(5) That said Act No. 36 impairs the obligations of said contracts with the property taxpayers and bondholders, in violation of section 15 of article 4 of the Constitution of Louisiana, and section 10 of article 1 of the Constitution of the United States, and will deprive them of their property without due process of law, in violation of section 2 of article 1 of the Constitution of Louisiana, and the Fifth and Fourteenth Amendments of the Constitution of the United States.

(6) In that the members to be selected by the board of commissioners of the Port of Orleans, the state board of health, and the board of control for the New Basin Canal and Shell road need not be residents of the city of New Orleans, all in violation and contravention of section 22 of article 14 of the Constitution of Louisiana of 1921.

(7) In that said new sewerage and water board attempted to be created will not necessarily include a member from each of the seven municipal districts of the city of New Orleans, as provided by section 8 of Act No. 6 of the Extra Session of 1899, all in violation of the vested rights of plaintiff, as guaranteed by section 15 of article 4 of the Constitution of 1921 of the state of Louisiana.

(8) In that one or more members of each the boards of commissioners of the Port of Orleans, of the board of control of the New Basin Canal and Shell road, and of the state board of health are necessarily by the respective laws of the creation of said boards not citizens and electors of the parish of Orleans (and in the case of the state board of health no member is required to be a citizen and elector of said parish); and that said Act No. 36, in purporting to establish special bodies of electors consisting of all the members of said respective boards, including those not citizens and electors of Orleans parish, for the purpose of naming and electing commissioners of the sewerage and water board, the functions and duties of which are confined to the parish of Orleans, violates not only said section 22 of article 14 of the Constitution of Louisiana of 1921, but violates also the letter and spirit of section 1 of article 8 of said Constitution, which provides for the electoral qualifications.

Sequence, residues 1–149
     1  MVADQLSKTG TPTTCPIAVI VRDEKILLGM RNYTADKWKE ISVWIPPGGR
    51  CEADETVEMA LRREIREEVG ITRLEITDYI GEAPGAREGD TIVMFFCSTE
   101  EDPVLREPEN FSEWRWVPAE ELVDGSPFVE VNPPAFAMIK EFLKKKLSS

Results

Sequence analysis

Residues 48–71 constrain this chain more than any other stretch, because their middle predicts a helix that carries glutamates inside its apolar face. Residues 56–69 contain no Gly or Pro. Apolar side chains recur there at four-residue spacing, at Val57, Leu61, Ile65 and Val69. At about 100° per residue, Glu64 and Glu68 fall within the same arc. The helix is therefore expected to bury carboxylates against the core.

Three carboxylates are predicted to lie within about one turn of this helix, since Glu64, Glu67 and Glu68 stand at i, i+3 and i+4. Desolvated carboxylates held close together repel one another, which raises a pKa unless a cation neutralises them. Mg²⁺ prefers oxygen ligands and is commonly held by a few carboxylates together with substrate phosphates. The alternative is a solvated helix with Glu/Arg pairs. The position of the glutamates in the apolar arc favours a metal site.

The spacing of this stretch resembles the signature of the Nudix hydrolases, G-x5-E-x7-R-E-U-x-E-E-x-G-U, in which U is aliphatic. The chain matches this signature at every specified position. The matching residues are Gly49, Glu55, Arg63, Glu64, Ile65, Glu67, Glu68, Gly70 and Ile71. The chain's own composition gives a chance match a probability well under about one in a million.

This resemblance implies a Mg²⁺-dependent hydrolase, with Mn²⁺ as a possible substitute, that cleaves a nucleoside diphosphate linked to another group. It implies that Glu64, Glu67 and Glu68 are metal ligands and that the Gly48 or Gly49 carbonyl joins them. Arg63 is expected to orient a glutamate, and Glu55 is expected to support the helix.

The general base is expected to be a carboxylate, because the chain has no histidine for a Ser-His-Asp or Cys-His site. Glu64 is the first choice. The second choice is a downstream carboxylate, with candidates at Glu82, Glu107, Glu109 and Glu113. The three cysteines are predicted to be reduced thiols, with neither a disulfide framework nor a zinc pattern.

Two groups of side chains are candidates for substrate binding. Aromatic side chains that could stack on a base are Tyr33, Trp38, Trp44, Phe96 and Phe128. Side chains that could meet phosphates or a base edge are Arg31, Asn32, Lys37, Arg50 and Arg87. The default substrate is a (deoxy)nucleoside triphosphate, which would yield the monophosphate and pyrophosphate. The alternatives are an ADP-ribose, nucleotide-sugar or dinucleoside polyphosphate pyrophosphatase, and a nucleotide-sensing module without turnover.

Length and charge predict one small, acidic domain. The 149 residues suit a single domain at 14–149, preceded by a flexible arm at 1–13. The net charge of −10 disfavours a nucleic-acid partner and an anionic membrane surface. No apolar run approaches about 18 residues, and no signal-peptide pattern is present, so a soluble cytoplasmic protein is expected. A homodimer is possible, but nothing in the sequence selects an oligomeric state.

(9) In that the board of commissioners of the Port of Orleans, the board of control of the New Basin Canal and Shell road, the state board of health, and the board of levee commissioners of the Orleans levee district have no power or authority under the respective laws of their creation to select, name, or otherwise choose and appoint commissioners of said sewerage and water board; that such right, duty, or function is totally foreign to the respective prescribed rights, duties, and functions of said boards; that the title to said Act No. 36 does not purport to embrace the enlargement of the rights, duties, and functions of said boards, or any one of them, and if said Act No. 36 be construed as purporting to confer such enlarged power, the same is unconstitutional, null, and void in that the subject-matter thereof is not embraced in its title, and is violative of section 17 of article 11 of said Constitution; and, further, even if the title to said Act No. 36 be held to be indicative of the aforesaid objects, the said Act No. 36 violates said section 17 of article 11 of said Constitution in that the same embraces more than one object.

(10) In that it is an attempt to revive section 8 of Act No. 111 of the Legislature of Louisiana, approved July 8, 1902, which has been declared unconstitutional by the Supreme Court of the state of Louisiana in the case of State ex rel. Saunders v. Kohnke, reported in 109 La. at page 838, 33 So. 793, without expressing in its title the objects or subjects of section 8 of Act No. 6 of the Extra Session of the Legislature of Louisiana, approved August 18, 1899, to be amended, all in violation and contravention of section 16 of article 3 of the Constitution of the state of Louisiana; and in that section 8 of Act No. 111 of 1902, having been so declared unconstitutional, was not susceptible of amendment.

(11) In that it is an attempt to remove certain members of the sewerage and water board without cause and in a manner different from that provided by section 9 of Act No. 6 of 1899, Ex. Sess., said members of said sewerage and water board being removable only in the manner prescribed by and for the causes enumerated in articles 217 and 222 of prior Constitutions of the state of Louisiana, which articles are now embodied in sections 1 and 6 of article 9 of the Constitution of 1921; and that said section 9 of said Act No. 6 was adopted as a part of the Constitution of 1898, has been embodied in all subsequent Constitutions, and is a part of the Constitution of 1921.

The four first mentioned defendants were members of the sewerage and water board, before the act in question was enacted. They filed answers attacking the constitutionality of the statute on substantially the same grounds that the plaintiff did. The other four defendants answered and denied that the statute was unconstitutional and averred that it was a legitimate exercise of the police power of the state through its legislative department.